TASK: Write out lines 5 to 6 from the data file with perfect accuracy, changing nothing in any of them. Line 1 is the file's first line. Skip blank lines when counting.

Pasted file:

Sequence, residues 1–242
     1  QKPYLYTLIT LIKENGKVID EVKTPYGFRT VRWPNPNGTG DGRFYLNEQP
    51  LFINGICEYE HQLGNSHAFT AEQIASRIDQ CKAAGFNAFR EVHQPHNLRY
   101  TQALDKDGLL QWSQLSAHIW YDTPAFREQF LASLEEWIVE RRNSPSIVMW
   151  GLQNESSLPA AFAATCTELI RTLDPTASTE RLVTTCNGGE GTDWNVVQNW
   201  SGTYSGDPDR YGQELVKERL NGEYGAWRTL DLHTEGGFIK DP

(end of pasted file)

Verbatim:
   151  GLQNESSLPA AFAATCTELI RTLDPTASTE RLVTTCNGGE GTDWNVVQNW
   201  SGTYSGDPDR YGQELVKERL NGEYGAWRTL DLHTEGGFIK DP